Although widely used and recommended to prevent falls in the home, there is a gap in understanding the efficacy of home modifications (HMs) in improving the safety of older adults. This is a significant issue given the recently increased policy and funding focus of the Affordable Care Act on preventing avoidable institutionalization by investing in home and community based services. The long term goal of this project is to improve the safety of community-dwelling older adults by reducing the occurrence of falls and allowing them to successfully """"""""age in place"""""""". The objectives of this study are to inform policy decisions through a greater understanding of (1) disparities in access to HMs, (2) the potential for HMs to reduce morbidity and health care utilization, and (3) the influence of state spending for HMs on health care utilization. The central hypothesis is that because HMs are not a benefit covered by Medicare, individuals who are socially and economically disadvantaged will have decreased access to these devices. It is also expected that the presence of HM devices in the home environment will improve safety, and that increased state funding for HMs among dual Medicare-Medicaid enrollees will decrease rates of institutionalization, as well as emergency room use and hospitalization for fall-related injuries. These hypotheses will be tested by the following three specific aims: (1) Investigate the relationship between sociodemographic and economic factors and the presence of HMs when controlling for individual health and function;(2) Determine whether HMs reduce the likelihood of future falls, fall-related emergency room visits and hospitalizations, and subsequent nursing home placement;(3) Determine whether state-level Medicaid generosity for HMs impacts the rates of future falls, fall-related emergency room visits and hospitalizations, and subsequent nursing home placement among a cohort of community-dwelling Medicare/Medicaid dual-enrollees. Each of these aims will be investigated by analyzing data from the recently released National Health and Aging Trends Study (NHATS), a nationally-representative survey of Medicare enrollees over the age of 65 with extensive information regarding the home environment, health, and functional capacity linked to data from Medicare claims and Medicaid expenditures. We will employ propensity-score based methods and state-level fixed effects to improve causal inference by controlling for the influence of confounding factors. By using datasets, methods and outcomes that have not previously been applied to this question, findings from the proposed study will inform future policy decisions regarding the expansion of coverage for HMs beyond the Medicaid population, and have the potential to influence national rates of institutionalization.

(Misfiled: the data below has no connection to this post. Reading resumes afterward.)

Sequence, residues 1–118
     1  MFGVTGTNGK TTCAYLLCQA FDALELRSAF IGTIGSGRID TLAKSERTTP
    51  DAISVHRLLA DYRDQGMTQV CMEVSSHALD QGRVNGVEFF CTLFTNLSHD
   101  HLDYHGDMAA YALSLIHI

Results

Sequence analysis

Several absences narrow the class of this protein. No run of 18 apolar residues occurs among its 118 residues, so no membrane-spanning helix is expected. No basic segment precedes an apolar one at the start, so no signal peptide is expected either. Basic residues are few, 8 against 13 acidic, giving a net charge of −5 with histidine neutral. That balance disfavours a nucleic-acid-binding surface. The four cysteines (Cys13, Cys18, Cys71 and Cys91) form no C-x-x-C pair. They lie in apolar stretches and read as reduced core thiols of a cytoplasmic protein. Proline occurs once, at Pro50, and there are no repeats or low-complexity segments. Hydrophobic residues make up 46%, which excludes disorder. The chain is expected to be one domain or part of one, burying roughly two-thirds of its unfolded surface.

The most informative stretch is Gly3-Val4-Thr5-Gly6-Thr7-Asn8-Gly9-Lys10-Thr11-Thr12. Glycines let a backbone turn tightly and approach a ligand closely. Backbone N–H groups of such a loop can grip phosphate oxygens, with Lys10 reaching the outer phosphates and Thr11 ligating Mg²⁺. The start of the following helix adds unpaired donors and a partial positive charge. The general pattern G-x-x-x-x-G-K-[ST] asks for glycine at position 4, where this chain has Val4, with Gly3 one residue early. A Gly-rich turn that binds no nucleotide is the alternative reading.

The proposed research is relevant to public health because home modifications are a low-cost intervention that can reduce rates of in-home falls and fall-related injuries, and subsequently delay or prevent institutionalization among older adults. This is relevant to the mission of AHRQ because the project investigates devices that can directly impact the safety of a vulnerable population. Also, the results of this work will inform evidence based practice, reduce unnecessary costs associated with emergency room use, hospitalization and institutionalization, and promote improved quality of care by identifying socioeconomic disparities in access to these devices.